Salt is a lubricant. As we all know it corrodes ferrous metals. Rust or blackened metal of a grey iron brake disc has a lower coefficient of friction than good shiny metal. That's why discs in good condition are so (and so massively under-appreciated) much more efficient at braking quickly. The MOT brake roller test is such a minimal standard for brakes and doesn't take into account the effect disc degradation has in a dynamic, high speed hard brake application. Not only is initial brake response delayed but so too is the maximum braking effect and the speed the brake reaches maximum retardation (which then needs ABS intervention) can be very much lower, or may simply not be reached at all.
If anyone cares to measure braking distance of corroded brake discs from highway speeds against that of bedded in new brakes, the result will evidence my point.
Unfortunately it is that same reason why many people often think the new brakes just fitted are an upgrade. Even rubbish quality new brakes will be far better than expensive old brakes which were in poor condition.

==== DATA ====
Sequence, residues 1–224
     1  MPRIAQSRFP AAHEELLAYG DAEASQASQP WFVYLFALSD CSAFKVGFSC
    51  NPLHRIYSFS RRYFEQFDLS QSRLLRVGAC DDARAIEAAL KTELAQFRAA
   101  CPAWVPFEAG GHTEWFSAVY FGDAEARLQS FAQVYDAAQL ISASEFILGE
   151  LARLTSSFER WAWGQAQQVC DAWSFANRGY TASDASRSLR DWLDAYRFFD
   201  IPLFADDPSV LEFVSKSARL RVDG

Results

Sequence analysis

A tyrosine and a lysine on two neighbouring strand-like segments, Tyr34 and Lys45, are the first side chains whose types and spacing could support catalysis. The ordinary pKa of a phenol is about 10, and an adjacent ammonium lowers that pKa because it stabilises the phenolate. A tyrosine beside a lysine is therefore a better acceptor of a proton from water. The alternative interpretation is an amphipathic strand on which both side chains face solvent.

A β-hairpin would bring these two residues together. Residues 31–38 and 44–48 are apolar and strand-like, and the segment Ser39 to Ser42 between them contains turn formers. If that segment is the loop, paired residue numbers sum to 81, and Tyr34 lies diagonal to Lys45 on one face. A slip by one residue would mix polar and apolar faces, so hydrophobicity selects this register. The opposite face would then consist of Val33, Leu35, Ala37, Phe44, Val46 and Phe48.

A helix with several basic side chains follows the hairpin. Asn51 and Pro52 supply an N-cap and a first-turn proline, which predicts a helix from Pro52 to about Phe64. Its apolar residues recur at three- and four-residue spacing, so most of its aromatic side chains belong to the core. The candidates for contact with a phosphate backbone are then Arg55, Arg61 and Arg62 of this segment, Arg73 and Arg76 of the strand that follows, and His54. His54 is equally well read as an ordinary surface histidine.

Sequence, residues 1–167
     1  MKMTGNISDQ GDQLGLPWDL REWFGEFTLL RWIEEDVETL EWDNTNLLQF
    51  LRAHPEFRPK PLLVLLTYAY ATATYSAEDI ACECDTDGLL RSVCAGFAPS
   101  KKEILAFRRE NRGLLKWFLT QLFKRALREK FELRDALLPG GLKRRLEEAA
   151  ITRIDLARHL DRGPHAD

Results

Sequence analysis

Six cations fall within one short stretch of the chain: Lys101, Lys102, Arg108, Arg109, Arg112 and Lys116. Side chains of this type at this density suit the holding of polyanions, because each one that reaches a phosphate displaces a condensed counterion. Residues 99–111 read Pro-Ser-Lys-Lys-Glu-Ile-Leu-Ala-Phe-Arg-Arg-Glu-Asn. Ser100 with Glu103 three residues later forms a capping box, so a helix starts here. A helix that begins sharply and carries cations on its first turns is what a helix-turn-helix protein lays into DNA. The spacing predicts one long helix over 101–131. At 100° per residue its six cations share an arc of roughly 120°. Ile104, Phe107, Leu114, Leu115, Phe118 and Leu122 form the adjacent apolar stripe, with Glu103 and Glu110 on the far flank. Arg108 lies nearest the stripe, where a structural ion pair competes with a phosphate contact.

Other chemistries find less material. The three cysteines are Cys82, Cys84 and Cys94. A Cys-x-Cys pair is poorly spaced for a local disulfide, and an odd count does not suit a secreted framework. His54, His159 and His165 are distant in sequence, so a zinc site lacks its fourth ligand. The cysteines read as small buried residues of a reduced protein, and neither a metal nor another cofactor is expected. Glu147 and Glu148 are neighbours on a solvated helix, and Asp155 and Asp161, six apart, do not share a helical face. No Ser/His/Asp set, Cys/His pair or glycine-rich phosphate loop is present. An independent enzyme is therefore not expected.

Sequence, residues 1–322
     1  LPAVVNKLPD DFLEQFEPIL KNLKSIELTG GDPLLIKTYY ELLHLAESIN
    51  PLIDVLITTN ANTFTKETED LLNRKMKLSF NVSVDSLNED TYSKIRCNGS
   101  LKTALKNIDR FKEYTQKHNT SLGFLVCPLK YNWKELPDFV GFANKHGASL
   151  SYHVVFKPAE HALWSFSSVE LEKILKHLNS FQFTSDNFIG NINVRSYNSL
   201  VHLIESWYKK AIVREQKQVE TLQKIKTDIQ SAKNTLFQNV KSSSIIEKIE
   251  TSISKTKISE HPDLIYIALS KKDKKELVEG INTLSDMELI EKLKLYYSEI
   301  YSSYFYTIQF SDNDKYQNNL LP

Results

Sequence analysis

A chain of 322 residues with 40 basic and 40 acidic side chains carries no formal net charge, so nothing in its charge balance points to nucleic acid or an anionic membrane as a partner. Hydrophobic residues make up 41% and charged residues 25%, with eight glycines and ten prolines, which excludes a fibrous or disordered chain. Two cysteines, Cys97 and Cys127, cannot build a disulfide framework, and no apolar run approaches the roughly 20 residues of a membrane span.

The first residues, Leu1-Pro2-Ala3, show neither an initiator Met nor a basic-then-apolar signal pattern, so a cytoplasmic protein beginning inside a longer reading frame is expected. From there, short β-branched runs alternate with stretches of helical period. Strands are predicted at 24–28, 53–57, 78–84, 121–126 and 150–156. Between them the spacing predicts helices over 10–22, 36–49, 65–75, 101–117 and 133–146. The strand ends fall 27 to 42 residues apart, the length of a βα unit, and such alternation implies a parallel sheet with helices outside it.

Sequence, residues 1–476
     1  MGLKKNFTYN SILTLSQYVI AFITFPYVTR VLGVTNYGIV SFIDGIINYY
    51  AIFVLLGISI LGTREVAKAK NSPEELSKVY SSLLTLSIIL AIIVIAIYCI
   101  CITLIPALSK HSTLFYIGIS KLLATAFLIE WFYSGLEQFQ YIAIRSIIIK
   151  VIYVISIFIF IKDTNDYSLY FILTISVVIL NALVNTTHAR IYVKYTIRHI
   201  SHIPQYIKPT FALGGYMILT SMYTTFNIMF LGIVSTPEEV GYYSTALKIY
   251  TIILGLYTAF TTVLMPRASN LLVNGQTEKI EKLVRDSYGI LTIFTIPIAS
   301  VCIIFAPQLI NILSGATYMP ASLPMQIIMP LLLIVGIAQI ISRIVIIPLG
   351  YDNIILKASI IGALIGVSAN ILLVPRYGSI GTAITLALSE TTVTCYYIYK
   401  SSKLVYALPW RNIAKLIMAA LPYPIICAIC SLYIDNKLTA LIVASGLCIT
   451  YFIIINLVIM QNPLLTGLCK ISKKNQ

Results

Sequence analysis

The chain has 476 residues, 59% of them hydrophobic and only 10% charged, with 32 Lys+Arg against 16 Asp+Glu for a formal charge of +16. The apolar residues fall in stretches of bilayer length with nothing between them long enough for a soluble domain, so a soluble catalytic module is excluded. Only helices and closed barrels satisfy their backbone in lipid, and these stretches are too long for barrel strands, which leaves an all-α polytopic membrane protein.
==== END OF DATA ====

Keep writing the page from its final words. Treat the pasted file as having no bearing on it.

In short, don't necessarily go for expensive brakes. Being able to afford more regular disc changes will probably give more real life benefits. That said, more exotic brakes should give favourable results at high speed but lower speed stopping distances won't be much different.
That last point is something no one discusses and certainly not something a performance brake manufacturer or supplier of upgrade brakes which cost many times that of standard replacements will ever disclose. Finally, the main reason for a more expensive standard pad over a cheaper one is in the single pressing manufacture rather than batch manufacture. A pad formed in an individual pressing tends to be a much more consistent pad which has less performance variation. Obviously more expensive materials also play a significant part.
Last edited by Fruity; 14-06-19 at 02:33.